Nate Parker: "I made this film for one reason: with the hope of creating change agents. That people can watch this film and be affected." Photo: Elliot Davis/Courtesy Sundance Institute
With the outcry over an all-white field of acting nominees for the coming Academy Awards, and the shutout of several films focused on black characters from the best picture race, Hollywood has come under extreme pressure in recent weeks to find more prestige-minded movies with diverse casts.
And this week at the Sundance Film Festival, Nate Parker delivered one.
The Birth of a Nation, a blistering slave-revolt drama that Parker wrote and directed (along with playing the lead character), had its premiere here Monday afternoon. Critics responded with instant rapture. By Tuesday morning, Fox Searchlight had won a bidding war for the distribution rights by offering an astounding $17.5 million - a Sundance record.
A still from 'The Birth of a Nation'. Photo: Elliot Davis/Courtesy Sundance Institute
Underscoring the aggressive arrival of streaming services like Amazon and Netflix on the Sundance scene, in many cases driving up prices, Netflix made an even more lavish offer, according to a person involved in the sale who spoke on the condition of anonymity. Parker's eagerness for the film to be shown in theatres for an Oscar run may have tipped the decision in Fox Searchlight's favour.
The specialty studio, owned by 21st Century Fox, has a long history as an Academy Awards powerhouse. In 2014, it maneuvered the similarly themed 12 Years a Slave to nine Academy Award nominations and three wins, including best picture. Fox Searchlight also distributed Birdman, the reigning best picture winner.
Nancy Utley and Stephen Gilula, the presidents of Fox Searchlight, said in a statement that Parker's "dedication and artistry in revitalising Nat Turner's legacy and place in history has resulted in an extraordinarily compelling and moving film that delivers on every level."
The Birth of a Nation follows Nat Turner, a kind, literate slave and preacher who - after exposure to severe acts, including watching an overseer use a hammer to knock out the teeth of a disobedient slave - organises an extreme rebellion in the antebellum South. Plantation owners and military officers retaliate severely.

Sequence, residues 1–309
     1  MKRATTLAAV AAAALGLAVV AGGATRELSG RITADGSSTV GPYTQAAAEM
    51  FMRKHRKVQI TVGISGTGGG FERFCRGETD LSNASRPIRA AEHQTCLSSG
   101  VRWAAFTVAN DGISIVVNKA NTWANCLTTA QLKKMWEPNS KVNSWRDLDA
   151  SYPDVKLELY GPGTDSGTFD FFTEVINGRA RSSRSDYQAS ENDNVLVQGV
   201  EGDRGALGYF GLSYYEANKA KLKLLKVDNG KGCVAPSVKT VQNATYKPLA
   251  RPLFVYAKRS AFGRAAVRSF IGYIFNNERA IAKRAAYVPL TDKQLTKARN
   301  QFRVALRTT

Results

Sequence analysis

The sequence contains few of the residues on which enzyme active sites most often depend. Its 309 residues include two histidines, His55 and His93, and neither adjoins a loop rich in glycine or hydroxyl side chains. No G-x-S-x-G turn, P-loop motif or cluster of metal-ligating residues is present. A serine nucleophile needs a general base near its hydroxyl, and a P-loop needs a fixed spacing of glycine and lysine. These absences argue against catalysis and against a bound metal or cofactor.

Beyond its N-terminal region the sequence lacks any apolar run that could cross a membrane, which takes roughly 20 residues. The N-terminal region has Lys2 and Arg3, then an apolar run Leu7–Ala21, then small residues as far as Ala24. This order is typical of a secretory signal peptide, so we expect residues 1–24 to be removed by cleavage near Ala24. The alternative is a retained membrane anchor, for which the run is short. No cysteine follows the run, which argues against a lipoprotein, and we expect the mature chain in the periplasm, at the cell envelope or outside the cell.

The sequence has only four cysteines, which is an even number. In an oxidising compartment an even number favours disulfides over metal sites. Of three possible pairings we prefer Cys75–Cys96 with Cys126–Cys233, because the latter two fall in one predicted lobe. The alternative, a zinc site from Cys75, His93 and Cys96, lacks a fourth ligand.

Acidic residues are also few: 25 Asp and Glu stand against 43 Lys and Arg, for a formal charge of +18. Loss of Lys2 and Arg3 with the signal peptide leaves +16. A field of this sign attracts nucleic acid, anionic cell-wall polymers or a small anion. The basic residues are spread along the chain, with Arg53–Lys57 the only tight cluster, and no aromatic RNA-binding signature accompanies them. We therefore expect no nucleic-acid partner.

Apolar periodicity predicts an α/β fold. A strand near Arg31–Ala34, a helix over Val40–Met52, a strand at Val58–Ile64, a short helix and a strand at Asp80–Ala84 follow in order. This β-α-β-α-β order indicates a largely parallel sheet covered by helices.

Aja Naomi King co-stars as Turner's wife, Cherry, the victim of a horrific gang rape. Armie Hammer plays a sometimes kind, sometimes brutal plantation owner. The film is Parker's feature directorial debut.
The film, based on a true story, borrows its title from the 1915 D.W. Griffith movie that is considered both a classic for its innovative filmmaking technique and racist for its stereotypical depiction of blacks and its sympathetic portrayal of the Ku Klux Klan. "Griffith's film relied heavily on racist propaganda to evoke fear and desperation as a tool to solidify white supremacy as the lifeblood of American sustenance," Parker, 36, said in a recent interview with Filmmaker Magazine.
He pointedly added, "Not only did this film motivate the massive resurgence of the terror group the Ku Klux Klan and the carnage exacted against people of African descent, it served as the foundation of the film industry we know today."
Parker's The Birth of a Nation is poised to join a subgenre of films touching on slavery that Oscar voters have supported over the years, even as they have been slow to rally around films about contemporary African-American life. In addition to 12 Years a Slave, Steven Spielberg's Amistad, about the events after a mutiny on a slave ship, was nominated for four Academy Awards in 1998; Quentin Tarantino's Django Unchained drew five nominations in 2013, including one for best picture, and won two Oscars.
In an unusual show of support, at least by Sundance standards, The Birth of a Nation received a standing ovation before it even played. The moment, which had a cathartic feeling after days of #OscarsSoWhite tension, coincided with Parker's introduction of the film at the 1,270-seat Eccles Theatre. Parker brought what seemed to be his entire cast and crew, many of whom rose to their feet when he appeared.
After the credits rolled - again, to whoops and cheers - Parker spoke of how deeply the racial injustices and atrocities covered in the film continued to reverberate today. "Are you passive, or are you corrupt and complicit?" he asked the audience. "There is no middle ground."
He added: "I made this film for one reason: with the hope of creating change agents. That people can watch this film and be affected. That you can watch this film and see that there were systems that were in place that were corrupt and corrupted people, and the legacy of that still lives with us."
The New York Times